The UC Statewide IPM program has just released six short videos to help you find answers to these questions. Find the videos on the UC IPM YouTube channel or linked from the specific Pest Notes publications on Snails and Slugs or Spiders.
Snails and slugs chew holes in leaves and fruit of many different types of plants, but they aren’t always present when the damage is discovered. Caterpillars, earwigs, grasshoppers, weevils, and others cause similar damage. How can you identify the culprit? The short video clip “Did a snail eat my plant?” shows damage caused by various pests and can help you identify snail or slug damage by looking for their characteristic slime trails and excrement.
Although many people fear them, most spiders you encounter during the day are harmless and can be beneficial in your garden and landscape by eating pest insects. You can see different kinds of spiders in the short clip “Common garden spiders.”
For more information on snails, slugs, spiders, and other home and garden pests, visit the UC IPM web site.
Media reports now have residents around the state on the lookout for brown widow spiders, which will help a UC Riverside scientist who is trying to track its rapidly expanding range.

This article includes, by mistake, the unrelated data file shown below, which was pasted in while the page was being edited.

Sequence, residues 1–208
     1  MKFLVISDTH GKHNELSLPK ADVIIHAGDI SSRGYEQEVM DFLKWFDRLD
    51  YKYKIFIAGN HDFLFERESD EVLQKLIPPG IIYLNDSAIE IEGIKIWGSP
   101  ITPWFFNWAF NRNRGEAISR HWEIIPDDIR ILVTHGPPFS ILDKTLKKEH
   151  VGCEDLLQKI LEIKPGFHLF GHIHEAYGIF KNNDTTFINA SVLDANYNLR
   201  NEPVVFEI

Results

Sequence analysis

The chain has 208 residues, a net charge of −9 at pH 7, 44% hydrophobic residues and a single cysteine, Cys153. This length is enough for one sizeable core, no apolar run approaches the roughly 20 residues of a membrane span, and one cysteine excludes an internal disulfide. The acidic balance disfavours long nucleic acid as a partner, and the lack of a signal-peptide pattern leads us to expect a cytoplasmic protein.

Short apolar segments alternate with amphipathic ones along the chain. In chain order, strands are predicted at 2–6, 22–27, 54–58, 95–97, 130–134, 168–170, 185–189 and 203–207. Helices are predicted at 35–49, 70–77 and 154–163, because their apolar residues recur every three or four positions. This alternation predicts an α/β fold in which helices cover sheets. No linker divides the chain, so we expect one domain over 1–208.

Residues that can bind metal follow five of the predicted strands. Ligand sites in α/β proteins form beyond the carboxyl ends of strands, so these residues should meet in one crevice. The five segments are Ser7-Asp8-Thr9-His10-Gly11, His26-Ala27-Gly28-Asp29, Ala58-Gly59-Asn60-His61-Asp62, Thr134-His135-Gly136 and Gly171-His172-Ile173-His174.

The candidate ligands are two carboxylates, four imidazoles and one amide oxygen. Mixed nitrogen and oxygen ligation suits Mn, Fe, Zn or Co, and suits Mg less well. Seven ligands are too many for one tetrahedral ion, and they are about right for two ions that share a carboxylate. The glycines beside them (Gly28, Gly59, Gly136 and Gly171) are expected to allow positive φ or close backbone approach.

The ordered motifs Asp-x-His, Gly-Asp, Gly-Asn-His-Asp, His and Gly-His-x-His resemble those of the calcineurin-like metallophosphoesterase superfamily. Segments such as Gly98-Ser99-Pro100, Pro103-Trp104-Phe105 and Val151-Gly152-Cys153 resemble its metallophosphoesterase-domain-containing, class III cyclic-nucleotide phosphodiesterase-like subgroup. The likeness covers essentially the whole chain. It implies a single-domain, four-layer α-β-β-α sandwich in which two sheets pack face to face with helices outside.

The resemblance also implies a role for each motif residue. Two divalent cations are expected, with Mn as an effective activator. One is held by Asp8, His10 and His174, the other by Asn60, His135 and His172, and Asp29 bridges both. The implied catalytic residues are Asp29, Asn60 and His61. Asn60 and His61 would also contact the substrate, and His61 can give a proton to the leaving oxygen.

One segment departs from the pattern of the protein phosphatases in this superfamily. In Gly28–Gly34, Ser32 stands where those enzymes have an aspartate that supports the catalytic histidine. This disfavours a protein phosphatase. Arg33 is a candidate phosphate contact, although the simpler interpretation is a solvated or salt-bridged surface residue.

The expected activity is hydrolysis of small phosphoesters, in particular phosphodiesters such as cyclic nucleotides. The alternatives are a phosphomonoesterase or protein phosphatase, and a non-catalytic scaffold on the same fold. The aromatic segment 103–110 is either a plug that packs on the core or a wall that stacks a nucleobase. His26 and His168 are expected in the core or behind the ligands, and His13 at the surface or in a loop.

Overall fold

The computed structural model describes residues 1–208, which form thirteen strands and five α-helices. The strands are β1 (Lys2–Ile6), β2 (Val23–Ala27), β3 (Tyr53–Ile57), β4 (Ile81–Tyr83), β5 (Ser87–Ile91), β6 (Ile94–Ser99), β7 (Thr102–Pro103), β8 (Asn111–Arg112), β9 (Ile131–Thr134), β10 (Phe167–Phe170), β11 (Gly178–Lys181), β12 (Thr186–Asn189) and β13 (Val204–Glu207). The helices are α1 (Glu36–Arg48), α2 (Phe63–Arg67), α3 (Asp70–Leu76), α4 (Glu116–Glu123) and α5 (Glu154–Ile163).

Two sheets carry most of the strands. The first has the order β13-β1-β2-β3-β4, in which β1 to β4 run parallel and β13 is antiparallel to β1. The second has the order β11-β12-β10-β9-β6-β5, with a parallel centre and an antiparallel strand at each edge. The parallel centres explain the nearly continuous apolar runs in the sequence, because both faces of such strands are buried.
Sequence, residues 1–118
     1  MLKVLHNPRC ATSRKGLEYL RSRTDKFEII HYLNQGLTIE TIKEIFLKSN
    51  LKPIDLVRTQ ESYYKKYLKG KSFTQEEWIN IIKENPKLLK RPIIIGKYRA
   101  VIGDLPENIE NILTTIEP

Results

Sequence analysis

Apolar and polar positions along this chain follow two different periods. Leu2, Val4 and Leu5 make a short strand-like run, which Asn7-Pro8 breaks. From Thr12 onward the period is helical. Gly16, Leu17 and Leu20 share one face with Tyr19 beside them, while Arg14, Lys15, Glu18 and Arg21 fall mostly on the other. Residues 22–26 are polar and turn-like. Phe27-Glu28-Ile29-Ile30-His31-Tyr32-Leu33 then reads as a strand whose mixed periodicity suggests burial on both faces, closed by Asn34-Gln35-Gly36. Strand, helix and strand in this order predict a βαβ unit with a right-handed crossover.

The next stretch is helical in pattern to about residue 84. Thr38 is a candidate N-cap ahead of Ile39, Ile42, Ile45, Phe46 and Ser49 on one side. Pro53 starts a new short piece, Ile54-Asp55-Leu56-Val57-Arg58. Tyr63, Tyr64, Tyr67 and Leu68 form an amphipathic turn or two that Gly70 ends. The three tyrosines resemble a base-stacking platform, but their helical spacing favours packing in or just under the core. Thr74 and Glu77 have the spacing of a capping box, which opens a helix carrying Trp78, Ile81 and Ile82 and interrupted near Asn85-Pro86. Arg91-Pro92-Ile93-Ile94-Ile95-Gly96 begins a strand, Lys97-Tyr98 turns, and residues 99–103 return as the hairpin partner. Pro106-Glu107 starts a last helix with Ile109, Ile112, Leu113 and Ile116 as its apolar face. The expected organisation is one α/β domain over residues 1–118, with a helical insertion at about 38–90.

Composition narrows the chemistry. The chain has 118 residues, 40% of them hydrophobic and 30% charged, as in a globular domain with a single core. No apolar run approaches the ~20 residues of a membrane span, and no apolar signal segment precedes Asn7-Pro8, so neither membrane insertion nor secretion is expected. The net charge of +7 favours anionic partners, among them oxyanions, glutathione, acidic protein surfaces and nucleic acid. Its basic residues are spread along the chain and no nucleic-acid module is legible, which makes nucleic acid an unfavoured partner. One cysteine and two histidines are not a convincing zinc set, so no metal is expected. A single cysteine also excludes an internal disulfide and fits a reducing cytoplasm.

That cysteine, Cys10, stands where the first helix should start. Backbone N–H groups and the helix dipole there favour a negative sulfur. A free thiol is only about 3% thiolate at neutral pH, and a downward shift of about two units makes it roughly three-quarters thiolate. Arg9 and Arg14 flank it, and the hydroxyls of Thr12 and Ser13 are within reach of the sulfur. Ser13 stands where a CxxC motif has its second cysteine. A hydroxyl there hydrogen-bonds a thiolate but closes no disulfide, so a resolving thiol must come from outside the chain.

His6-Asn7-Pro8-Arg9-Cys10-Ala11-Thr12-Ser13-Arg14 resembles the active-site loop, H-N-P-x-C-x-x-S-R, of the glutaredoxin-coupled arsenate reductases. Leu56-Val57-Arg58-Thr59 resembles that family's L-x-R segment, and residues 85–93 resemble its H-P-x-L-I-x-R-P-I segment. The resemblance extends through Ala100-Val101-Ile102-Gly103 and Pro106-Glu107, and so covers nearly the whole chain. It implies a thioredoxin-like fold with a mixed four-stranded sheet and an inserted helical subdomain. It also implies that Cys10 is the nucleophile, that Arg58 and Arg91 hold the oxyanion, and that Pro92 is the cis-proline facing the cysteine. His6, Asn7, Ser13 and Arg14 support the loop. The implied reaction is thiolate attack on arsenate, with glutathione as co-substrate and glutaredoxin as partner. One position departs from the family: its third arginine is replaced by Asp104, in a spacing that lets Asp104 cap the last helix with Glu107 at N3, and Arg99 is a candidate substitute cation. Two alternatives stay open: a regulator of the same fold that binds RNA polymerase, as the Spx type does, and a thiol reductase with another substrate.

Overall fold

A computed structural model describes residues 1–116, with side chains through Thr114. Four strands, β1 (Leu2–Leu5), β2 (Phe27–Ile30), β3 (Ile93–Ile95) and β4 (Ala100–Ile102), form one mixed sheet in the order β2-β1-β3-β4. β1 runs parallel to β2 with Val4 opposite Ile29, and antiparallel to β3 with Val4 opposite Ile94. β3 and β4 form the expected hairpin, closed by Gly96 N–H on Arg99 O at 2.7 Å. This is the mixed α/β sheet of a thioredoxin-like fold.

"Wanted dead or alive," announced an article in the Redding Record Searchlight. Reporter Laura Christman tempered the ominous lead with a succinct quote from UC Riverside staff research associate Rick Vetter, "Chill."
"It's nothing to be overly concerned about. I'm more interested from an academic standpoint," Vetter told the reporter.
A native of Africa, brown widows were established in Los Angeles, Orange and San Diego counties as of 2009, and in 2010 made their way to Riverside, San Bernardino, Ventura and Santa Barbara counties. There have been a few finds in areas further north.
Southern California Public Radio KPCC ran an interview with Vetter about brown widows on Sunday. He said the brown widow seems to be displacing black widows - a fact that has benefits and disadvantages.
The brown widow is more likely to play dead than strike out aggressively, however, they tend to congregate in larger numbers and will hang out in places black widows ignore.
"(Brown widows will) be underneath a wrought iron railing or underneath those solar powered lights that you stick in the ground on your walkway. You would never find a black widow in that much of an exposed area," Vetter told the reporter. "It just goes from people having five or six black widows to having 50 to 100 brown widows. And that’s something that you typically would not ignore."
One of Vetter's greatest concerns is a resident's tendency to use more pesticides when confronted with more spiders.
"The spiders are responsible for increasing pesticide load," Vetter said.
For more information and links to Vetter's website, see the UC ANR news release about brown widow spiders. In the 90-second video below, Vetter gives tips for identifying brown widows.